It truly depends on the manufacturing process, not which company is running it. An injection mold running around the clock could care less -detail parts that take operators re-positioning them in machines, running worn out or overheated bits, currently on the 10th hour of work on Friday, etc. will definitely show a difference, four-times oversold or not. And if your process is overheated-chances are your quality system and inspectors will be too. They all work the same long hours. Again, it's a human-touch-time thing.


Not to start any shenanigans or anything- I truly do respect your opinion, Warp, and thanks :)

68wj
May 13, 2013, 07:53 AM
A shooter had a buffer fall apart in his rifle yesterday. It looks like there was no roll pin in the plug and locked his otherwise well built rifle up. Problem is that it was a pre-panic build.

There may be some qc issues going on, but I think overall this is the sensitivity to the current market pressure wringing out the sludge. Many are lowering their standards to buy what they can afford now or what is even available. Just because the prices are inflated does not mean lesser quality components become better.

madcratebuilder
May 13, 2013, 10:46 AM
Four years ago when this happened after the first Obama election there was definitely a spike in failures. Particularly ammo


Do you think there could be a correlation between new users, many shooting gunshow reloads?

Warp
May 13, 2013, 10:59 AM
Nice game plan you've got there Warp. A man of few words who disagrees then burdens the other guy to come up with labor intensive proof while you don't to put forth effort.

Again, you know as well as I that very few of us here have the time and resources to do an exhaustive, comprehensive study across all brand names of QC and parts issues before and after Sandy Hook. If you do have the time then I'd like to see your statistics that things are as they always have been.

Game plan? Very specific claims were made, such as all of the [supposed] threads about "my bolt exploded" on ar15.com. I am asking to see them. Substantiation of a claim, especially one as cut and dry as the existence of those threads, shouldn't be difficult.

The burden of proof is on the person making the claim, you know. Do you not have ANYTHING at all that you can point to? Surely something led you to the perception that you have shared with us?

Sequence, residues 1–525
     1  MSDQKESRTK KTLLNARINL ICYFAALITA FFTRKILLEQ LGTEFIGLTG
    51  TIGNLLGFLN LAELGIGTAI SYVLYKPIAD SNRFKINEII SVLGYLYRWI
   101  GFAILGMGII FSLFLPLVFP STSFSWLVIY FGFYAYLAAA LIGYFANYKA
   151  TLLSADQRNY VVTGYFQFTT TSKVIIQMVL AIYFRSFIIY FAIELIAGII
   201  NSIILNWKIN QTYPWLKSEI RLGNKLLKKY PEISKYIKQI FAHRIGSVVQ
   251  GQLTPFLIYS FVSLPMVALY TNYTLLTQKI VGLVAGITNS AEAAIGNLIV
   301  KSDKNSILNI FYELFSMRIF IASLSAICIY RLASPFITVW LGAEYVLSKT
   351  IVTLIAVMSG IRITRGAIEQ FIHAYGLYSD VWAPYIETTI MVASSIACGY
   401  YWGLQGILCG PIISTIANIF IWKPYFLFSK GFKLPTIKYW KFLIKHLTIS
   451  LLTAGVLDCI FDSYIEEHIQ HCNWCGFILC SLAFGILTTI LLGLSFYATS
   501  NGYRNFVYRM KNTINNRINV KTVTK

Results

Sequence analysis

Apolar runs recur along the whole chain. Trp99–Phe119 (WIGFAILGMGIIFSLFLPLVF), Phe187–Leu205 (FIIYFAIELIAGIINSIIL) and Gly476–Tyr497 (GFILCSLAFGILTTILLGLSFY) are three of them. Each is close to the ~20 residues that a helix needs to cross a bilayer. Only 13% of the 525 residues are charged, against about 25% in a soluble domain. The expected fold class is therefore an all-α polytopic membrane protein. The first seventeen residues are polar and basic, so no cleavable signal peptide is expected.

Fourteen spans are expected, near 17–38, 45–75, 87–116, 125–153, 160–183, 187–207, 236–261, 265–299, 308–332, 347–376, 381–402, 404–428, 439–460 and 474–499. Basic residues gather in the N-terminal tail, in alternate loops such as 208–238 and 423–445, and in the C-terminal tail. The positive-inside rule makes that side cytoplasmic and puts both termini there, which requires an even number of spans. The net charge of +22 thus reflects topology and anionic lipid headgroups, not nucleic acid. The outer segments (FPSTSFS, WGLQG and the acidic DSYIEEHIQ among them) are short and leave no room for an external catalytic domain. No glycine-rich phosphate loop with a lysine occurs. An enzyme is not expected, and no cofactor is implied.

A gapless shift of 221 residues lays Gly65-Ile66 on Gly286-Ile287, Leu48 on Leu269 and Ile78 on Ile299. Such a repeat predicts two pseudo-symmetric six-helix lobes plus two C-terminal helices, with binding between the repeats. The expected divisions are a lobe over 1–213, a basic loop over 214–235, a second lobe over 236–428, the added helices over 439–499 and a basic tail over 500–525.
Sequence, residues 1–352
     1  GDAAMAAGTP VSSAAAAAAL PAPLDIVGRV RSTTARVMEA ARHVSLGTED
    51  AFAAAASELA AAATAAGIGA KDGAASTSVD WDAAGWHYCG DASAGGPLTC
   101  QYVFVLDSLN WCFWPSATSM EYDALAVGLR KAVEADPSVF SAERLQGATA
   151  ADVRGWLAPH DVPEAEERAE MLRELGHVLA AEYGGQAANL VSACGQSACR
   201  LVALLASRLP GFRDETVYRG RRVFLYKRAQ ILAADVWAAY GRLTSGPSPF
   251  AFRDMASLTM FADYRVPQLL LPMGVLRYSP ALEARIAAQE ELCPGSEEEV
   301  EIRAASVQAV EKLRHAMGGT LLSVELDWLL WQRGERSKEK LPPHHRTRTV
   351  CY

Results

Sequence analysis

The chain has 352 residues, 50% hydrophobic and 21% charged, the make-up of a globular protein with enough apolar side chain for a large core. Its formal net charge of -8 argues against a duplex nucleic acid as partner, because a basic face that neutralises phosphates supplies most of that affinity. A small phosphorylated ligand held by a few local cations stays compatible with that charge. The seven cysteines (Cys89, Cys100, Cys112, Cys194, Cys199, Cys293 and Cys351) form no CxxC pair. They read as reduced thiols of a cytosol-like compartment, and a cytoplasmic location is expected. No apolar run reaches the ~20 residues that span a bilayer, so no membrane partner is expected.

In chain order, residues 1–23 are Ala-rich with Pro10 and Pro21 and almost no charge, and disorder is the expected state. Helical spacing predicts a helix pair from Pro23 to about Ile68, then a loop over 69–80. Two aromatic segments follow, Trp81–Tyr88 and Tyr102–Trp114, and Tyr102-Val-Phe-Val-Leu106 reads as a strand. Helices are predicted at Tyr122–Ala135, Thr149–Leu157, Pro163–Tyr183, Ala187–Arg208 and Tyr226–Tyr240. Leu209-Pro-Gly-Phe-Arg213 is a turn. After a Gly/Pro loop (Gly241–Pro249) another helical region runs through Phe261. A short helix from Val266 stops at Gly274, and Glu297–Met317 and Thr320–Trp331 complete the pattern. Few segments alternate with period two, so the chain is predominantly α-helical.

taliv
May 13, 2013, 11:06 AM
madcrate, certainly possible

Fishbed77
May 13, 2013, 11:29 AM
Do you think there could be a correlation between new users, many shooting gunshow reloads?

The correlation is definitely related in part to new users.

I think the problems arrive from simple things like failing to properly clean and lubricate new firearms, failing to re-assemble them properly, or just plain 'ol bad shooting technique, even more than using cheap ammo.

Rollis R. Karvellis
May 13, 2013, 11:40 AM
Hopefully the only people who are being stuck with a lemon were the same ones screaming for the manufacturers to build more, hire more, go faster.

Just because a company has a name does not mean that it automatically is going to be a good build. Remington has been suffering from the go fast, save a penny, mentality for a long time.

And as far as I, am concerned the Marlin 39a is the biggest POS ever built, and my examples were pre Remlin days. Yet this is the example of the perfect gun.

The point I,am try to make is be very careful about brand loyalty, because in this era of not caring about anything but having a good PR person, even the snob's can be burnt.;)

Quentin
May 13, 2013, 01:17 PM
Game plan? Very specific claims were made, such as all of the [supposed] threads about "my bolt exploded" on ar15.com. I am asking to see them. Substantiation of a claim, especially one as cut and dry as the existence of those threads, shouldn't be difficult.

The burden of proof is on the person making the claim, you know. Do you not have ANYTHING at all that you can point to? Surely something led you to the perception that you have shared with us?